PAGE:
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August 12, 2008

Volume 2, Number 15

TV Waited on Edwards’ Adultery But Leaped on McCain Rumors

ABC, CBS, and NBC all waited for weeks to touch the emerging story of the adultery of John Edwards as the National Enquirer nailed down the story. None even breathed the name of Edwards until he decided to confess. But when the New York Times used far weaker editorial standards than the Enquirer, reporting on February 21 that there might be adultery between John McCain and lobbyist Vicki Iseman, citing hearsay from unnamed former McCain aides who were "convinced the relationship had become romantic," all three networks leaped on the story.

McCain's outraged denials didn't stop the story from erupting on TV the very morning it hit the Times. CBS Early Show host Harry Smith touted "This bombshell report that Republican front-runner John McCain may have had a romantic relationship with a lobbyist who was a visitor to his office and traveled with him on a client's corporate jet." ABC's George Stephanopoulos said it could be deadly. On a scale of one to ten, with ten being fatal, he warned it was a "six or a seven...a damaging story, there's no doubt about that." NBC's Tim Russert said the story would "play out today in a very big way."

By the evening newscasts, the networks began including critics of the Times, but they still played the story up. NBC's Brian Williams began with insinuation: "Good evening. When it hit the Internet last night and the front page of the New York Times this morning, it was the shot heard ‘round the political world. It's a story about a female lobbyist in Washington and her relationship, business and perhaps otherwise, with Senator John McCain."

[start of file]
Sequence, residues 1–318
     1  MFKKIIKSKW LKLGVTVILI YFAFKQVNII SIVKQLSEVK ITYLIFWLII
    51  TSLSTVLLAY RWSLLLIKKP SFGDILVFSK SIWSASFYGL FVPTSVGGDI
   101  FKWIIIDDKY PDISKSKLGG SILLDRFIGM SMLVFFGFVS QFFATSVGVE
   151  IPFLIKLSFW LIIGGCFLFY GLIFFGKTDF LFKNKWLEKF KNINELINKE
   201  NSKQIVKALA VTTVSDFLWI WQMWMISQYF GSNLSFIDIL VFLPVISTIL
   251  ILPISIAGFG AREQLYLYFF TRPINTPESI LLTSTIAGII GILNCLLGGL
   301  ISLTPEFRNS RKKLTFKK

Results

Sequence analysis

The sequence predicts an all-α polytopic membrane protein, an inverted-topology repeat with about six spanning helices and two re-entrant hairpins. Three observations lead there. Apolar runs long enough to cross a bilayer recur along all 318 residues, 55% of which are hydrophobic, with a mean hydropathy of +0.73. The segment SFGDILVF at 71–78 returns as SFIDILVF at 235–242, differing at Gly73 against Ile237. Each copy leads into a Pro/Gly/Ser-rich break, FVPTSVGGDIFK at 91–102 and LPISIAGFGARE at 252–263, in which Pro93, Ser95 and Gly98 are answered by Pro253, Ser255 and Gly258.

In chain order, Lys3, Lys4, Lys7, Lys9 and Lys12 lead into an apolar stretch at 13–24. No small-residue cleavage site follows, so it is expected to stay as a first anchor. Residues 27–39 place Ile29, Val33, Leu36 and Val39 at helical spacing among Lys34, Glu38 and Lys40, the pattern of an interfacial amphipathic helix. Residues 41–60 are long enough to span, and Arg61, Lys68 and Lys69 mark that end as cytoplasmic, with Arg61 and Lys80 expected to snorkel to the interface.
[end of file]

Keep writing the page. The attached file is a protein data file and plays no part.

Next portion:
The networks explained that there was no hard evidence of adultery, just second-hand rumors, but pressed ahead anyway. On ABC, anchor Charles Gibson asserted the lack of an evidentiary standard: "John McCain began his day answering questions about a story in the New York Times alleging an improper relationship eight years ago with a female lobbyist," before cautioning: "The story had no evidence the relationship was romantic, only unnamed sources reportedly claiming they were convinced it might be."

The TV rules are apparently based not on evidence, but on the party label, and a reluctance to give Democrats "a damaging story, no doubt about that."

For details, see the February 22 CyberAlert.


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